Tuesday, 24 June 2008

Where's that sense of perfection you just never got anyway?

Over at The Nokia Guide, there is a list of 15 things (he's) wondered about the Nseries.

They are, all of them, (well okay, except maybe for one or two I wasn't aware of), things that I've wondered as well. And it got me thinking.

With one or two exceptions, most companies that can lay claim to any sort of leadership or dominance of any market - Nokia, Microsoft, Shimano... - demonstrate, time after time, that they can do absolutely fantastic work (yes, even Microsoft!) but, month after month, don't. The sense of perfection and constant innovation (there's that word that Microsoft do so love to butcher!) that the exceptions display - Apple, the Segway mob, Dyson... - is missing from the daily operations and run-of-the-mill products. And it's only when they're seriously challenged (Microsoft accelerating the development of Internet Explorer or Office on the Mac, or building hardware to compete with Logitech) or they have a moment of inspiration (Nokia N95 - how the hell did they put that much hardware in such a small case?) that they really do something good, and even then there are problems, such as the build quality of the N95 or the massive security flaws in IE. And some people just can't seem to have an original thought, although to give Microsoft their credit they don't always crib ideas from Apple, sometimes they crib ideas from NeXt Inc. or Opera instead.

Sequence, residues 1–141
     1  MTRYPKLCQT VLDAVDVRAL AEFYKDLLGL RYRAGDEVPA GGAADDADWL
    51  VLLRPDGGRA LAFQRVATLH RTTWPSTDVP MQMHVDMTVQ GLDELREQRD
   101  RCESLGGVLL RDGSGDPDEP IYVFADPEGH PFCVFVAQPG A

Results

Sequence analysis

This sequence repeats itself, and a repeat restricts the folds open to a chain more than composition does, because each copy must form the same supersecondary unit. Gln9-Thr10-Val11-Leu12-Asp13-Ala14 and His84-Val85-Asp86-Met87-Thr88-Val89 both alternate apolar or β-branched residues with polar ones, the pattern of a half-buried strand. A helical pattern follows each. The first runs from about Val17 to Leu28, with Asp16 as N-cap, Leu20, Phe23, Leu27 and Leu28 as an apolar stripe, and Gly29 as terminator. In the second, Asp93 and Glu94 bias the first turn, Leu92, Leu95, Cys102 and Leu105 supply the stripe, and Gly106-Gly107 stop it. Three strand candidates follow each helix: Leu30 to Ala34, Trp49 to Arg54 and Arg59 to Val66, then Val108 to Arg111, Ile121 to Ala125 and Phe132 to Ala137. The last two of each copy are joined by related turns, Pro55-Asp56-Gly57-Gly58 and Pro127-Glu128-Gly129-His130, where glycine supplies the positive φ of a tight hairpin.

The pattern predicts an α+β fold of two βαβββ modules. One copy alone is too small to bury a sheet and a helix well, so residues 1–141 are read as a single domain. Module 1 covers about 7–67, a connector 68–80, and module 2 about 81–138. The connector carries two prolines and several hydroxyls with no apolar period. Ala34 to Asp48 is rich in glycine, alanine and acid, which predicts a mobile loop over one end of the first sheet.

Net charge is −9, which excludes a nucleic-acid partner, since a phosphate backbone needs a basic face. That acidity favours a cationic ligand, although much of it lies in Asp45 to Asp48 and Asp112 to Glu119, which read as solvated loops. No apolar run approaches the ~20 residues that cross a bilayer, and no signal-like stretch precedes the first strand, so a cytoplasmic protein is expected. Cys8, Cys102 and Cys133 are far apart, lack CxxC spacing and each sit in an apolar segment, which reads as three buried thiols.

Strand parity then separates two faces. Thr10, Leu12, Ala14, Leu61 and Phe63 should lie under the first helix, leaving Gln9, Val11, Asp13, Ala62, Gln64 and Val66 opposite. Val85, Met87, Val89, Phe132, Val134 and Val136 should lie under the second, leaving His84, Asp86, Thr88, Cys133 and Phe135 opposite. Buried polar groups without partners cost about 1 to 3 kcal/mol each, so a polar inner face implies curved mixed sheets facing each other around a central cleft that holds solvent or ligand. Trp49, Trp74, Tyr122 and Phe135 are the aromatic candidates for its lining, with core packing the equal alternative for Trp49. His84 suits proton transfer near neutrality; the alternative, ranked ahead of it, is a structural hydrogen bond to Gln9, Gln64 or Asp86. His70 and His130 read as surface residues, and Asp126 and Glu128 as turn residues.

Plus, when the companies that are ahead of the curve on excellence do something odd, there's usually a good explanation (why did the iPhone not have 3G? Because then the battery would only last for 6 hours, instead of 12. Why did they cripple it by insisting that applications run through Safari, incurring you data charges? Because they're douchebags who are in league with AT&T to get more money out of you). Whereas with most companies, the most you can do by way of explanation is roll your eyebrows. Why doesn't the Nseries have USB charging? Gee, I dunnow, maybe they forgot to put it in?

What's really said is that Nokia, who I thought was the only company who can consistently make competent and finished mobiles... isn't. Don't get me wrong, I still love my N95 and think it's so far ahead of my old Samsung that it may have cost four times as much, not twice as much, but even it isn't finished.

Incidentally, I would add to that list of 15 things to wonder about:
  • Why doesn't the N95 (and other GPS Nseries phones) do geotagging of photos natively?
  • Why did they remove geotracking from Maps2.0?
  • Why did they make directions a subscription service in Maps2.0? (Oh, that's right: Because they're douchebags who are trying to fleece you for everything you've got).
  • Why did they put an accelerometer in the N95 and then not use it for half a year?
  • Why haven't they taken the slightest look at text entry and investigated actual predictive text instead of basic text disambiguation?
Link to The Nokia Guide post "15 things I've wondered about the Nseries".

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